:return: An open cv image
"""
return cv2.GaussianBlur(src=image, ksize=(size, size), sigmaX=std, sigmaY=std)


### 4.5 Analyze time and Results

import os
import time

src_path = 'images_noisy/'
dst_path = 'images_filtered/'
names = os.listdir(src_path)

# Do not modify these for loops
for name in names:
src_name = src_path + name

# gaussian blur using your implementation
start = time.time()
kernel1 = make_gaussian(std=1, size=11)
blur1 = convolve2d(image, kernel1)
dt1 = time.time() - start
dst_name1 = dst_path + name + '.bmp'
cv2.imwrite(dst_name1, blur1)

# gaussian blur using opencv implementation
start = time.time()
blur2 = opencv_gaussian_blur(image, std=1, size=11)
dt2 = time.time() - start
dst_name2 = dst_path + name + '_CV.bmp'
cv2.imwrite(dst_name2, blur2)

# median blur
start = time.time()
blur3 = opencv_median_blur(image, 11)  ################# THIS CODE ONLY WORKS IF SIZE being provided.
dt3 = time.time() - start
dst_name3 = dst_path + name + '_median.bmp'
cv2.imwrite(dst_name3, blur3)
print('Our gaussian time:{}, opencv gaussian time:{}, opencv median time:{}'.format(dt1, dt2, dt3))

Our gaussian time:1.588090181350708, opencv gaussian time:0.0009992122650146484, opencv median time:0.004996776580810547
Our gaussian time:1.8719286918640137, opencv gaussian time:0.0, opencv median time:0.003996610641479492
Our gaussian time:2.5495409965515137, opencv gaussian time:0.0010004043579101562, opencv median time:0.009994029998779297
Our gaussian time:1.4371778964996338, opencv gaussian time:0.0009999275207519531, opencv median time:0.004997730255126953

##### Comparing Time Consumption

First of all, our implementation time is much bigger that open cv’s and it is completely obvious. If we want to compare gaussian, out convolution2d function has not been implemented efficiently which the main reason is the 2 for loops for iterating over image and computing convolution. The other reason is that opencv’s core is in C++ and we know that it is much faster (3x) even from efficient pure python code.

But if want to compare gaussian and median time, we can say that median operation is ordered and needs sorting every time and furthermore, it cannot be implemented using kernel logics which means most of the optimizations related to parallel computing or efficient vectorization will be lost, so that is why we can see an explosion about 10x increase in time.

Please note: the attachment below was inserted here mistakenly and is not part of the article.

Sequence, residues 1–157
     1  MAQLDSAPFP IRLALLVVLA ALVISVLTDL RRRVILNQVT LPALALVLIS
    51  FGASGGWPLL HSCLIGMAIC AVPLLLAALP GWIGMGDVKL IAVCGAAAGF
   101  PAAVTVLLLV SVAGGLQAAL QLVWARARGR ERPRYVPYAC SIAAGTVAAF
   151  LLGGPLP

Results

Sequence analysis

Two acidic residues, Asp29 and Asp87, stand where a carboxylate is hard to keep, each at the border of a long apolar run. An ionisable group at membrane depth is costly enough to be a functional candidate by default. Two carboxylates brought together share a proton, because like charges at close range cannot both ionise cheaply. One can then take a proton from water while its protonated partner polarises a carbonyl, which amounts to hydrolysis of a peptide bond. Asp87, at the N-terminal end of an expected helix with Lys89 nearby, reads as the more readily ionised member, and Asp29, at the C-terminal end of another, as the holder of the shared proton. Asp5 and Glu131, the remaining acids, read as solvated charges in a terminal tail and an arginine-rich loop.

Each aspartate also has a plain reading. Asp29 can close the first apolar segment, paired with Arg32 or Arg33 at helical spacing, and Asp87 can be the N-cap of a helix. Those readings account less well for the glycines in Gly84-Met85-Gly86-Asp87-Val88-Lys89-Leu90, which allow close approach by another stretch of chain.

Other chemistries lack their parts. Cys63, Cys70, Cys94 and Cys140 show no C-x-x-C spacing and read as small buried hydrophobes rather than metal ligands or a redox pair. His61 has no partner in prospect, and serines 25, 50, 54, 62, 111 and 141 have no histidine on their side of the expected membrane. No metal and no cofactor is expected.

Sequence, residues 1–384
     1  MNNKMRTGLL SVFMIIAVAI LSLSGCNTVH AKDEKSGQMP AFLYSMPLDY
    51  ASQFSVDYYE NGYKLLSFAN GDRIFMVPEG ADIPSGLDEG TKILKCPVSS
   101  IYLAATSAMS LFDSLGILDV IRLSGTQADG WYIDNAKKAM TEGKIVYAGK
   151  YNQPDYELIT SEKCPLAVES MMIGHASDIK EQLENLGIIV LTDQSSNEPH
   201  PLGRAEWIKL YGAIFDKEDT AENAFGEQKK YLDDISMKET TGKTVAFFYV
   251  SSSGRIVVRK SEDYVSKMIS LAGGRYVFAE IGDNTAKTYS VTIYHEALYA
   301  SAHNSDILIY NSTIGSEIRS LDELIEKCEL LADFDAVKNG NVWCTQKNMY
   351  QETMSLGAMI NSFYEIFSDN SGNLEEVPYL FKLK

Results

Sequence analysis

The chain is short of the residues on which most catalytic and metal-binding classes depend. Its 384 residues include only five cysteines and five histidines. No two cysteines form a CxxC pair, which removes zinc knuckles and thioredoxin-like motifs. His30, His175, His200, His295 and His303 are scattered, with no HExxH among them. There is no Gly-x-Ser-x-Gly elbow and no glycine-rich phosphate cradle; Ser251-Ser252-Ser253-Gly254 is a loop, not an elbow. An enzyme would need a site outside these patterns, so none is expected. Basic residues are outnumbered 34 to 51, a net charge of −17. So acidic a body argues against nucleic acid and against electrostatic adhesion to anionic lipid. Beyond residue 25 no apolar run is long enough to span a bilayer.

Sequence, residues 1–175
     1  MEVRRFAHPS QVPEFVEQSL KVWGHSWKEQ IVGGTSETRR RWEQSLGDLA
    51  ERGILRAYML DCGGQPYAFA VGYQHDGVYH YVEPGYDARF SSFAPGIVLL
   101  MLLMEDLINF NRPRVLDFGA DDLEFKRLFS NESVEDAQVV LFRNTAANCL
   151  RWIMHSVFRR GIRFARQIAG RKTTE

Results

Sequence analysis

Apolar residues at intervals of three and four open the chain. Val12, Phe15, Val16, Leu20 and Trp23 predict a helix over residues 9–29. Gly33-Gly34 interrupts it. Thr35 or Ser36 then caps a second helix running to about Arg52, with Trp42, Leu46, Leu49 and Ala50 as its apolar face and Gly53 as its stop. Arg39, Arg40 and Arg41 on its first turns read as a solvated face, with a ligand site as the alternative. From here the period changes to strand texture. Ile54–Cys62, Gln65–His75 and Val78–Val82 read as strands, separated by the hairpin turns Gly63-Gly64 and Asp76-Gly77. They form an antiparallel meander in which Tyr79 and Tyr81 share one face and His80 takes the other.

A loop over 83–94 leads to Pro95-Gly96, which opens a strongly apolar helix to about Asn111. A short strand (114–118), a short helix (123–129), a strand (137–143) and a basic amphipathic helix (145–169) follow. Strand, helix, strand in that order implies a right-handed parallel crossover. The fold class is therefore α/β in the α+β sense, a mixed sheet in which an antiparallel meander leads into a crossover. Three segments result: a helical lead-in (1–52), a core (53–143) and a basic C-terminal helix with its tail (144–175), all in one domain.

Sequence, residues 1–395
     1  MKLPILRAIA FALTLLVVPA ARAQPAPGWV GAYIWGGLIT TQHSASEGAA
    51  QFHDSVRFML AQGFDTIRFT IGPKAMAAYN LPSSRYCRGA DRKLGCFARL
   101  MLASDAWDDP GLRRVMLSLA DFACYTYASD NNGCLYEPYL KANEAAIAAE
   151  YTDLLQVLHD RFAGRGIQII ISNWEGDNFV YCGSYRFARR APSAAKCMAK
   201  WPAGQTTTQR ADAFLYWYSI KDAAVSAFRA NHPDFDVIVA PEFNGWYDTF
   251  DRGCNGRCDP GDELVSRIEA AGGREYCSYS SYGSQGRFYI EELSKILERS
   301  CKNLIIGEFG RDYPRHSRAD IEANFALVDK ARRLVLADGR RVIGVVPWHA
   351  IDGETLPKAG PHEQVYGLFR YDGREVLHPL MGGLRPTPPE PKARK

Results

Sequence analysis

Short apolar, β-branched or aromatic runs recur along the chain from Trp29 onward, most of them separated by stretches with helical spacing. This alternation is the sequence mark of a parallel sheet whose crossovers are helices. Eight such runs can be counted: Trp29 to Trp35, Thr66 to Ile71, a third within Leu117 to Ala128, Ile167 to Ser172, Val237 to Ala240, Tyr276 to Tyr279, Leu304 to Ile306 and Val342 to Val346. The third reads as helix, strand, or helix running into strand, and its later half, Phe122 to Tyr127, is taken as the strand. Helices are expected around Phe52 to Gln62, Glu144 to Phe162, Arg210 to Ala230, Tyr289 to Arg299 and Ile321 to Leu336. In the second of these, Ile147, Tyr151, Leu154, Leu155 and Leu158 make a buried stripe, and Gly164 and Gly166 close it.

Note: As you can see one of the times are 0.0 and that is because time module cannot handle very small numbers in small code snippets, so usually timeit module is preferred.

##### Comparing Quality
src_path = 'images_noisy/'
dst_path = 'images_filtered/'
names = os.listdir(src_path)

fig, ax = plt.subplots(nrows=4, ncols=4, figsize=(20, 15))
# Do not modify these for loops
for idx, name in enumerate(names):
src_name = src_path + name

# gaussian blur using your implementation
kernel1 = make_gaussian(std=1, size=11)
blur1 = convolve2d(image, kernel1)

# gaussian blur using opencv implementation
blur2 = opencv_gaussian_blur(image, std=1, size=25)

# median blur
blur3 = opencv_median_blur(image, 5)

# plotting
ax[idx, 0].set_title('Original')
ax[idx, 1].set_title('our_gaussian')
ax[idx, 2].set_title('cv gaussian')
ax[idx, 3].set_title('cv median')
ax[idx, 0].axis('off')
ax[idx, 1].axis('off')
ax[idx, 2].axis('off')
ax[idx, 3].axis('off')

ax[idx, 0].imshow(image, cmap='gray')
ax[idx, 1].imshow(blur1, cmap='gray')
ax[idx, 2].imshow(blur2, cmap='gray')
ax[idx, 3].imshow(blur3, cmap='gray')


First two row of images correspond to the images with normal noise. So A gaussian blur can easily handle this kind of noises by reducing the frequency between pixels in the vicinity of each other without making image to blurry. But median, cannot find the good pixel to retain information without making the image completely blurry, because the noise is distributed almost between all values so median cannot do much and as you can see in the last column of the two first row, images are just blurry without removing noise.

But about the latter second rows, we can see the salt and pepper noise and this time, gaussian cannot do much because when it tries to decrease intensification, the output of convolution consists of 0 or 255 values and they will simply dominate other values so the output will be a blurry image without removing salt or peppers. They are still completely visible. But when we have such a noise in our images, we know they are minority in number so taking median, will focus on pixels that are more common in each window, so 0 or 255 values will not effect in median operation because they are almost rare in each window, so the output of images using this median filter will be blurry image without salt and peppers.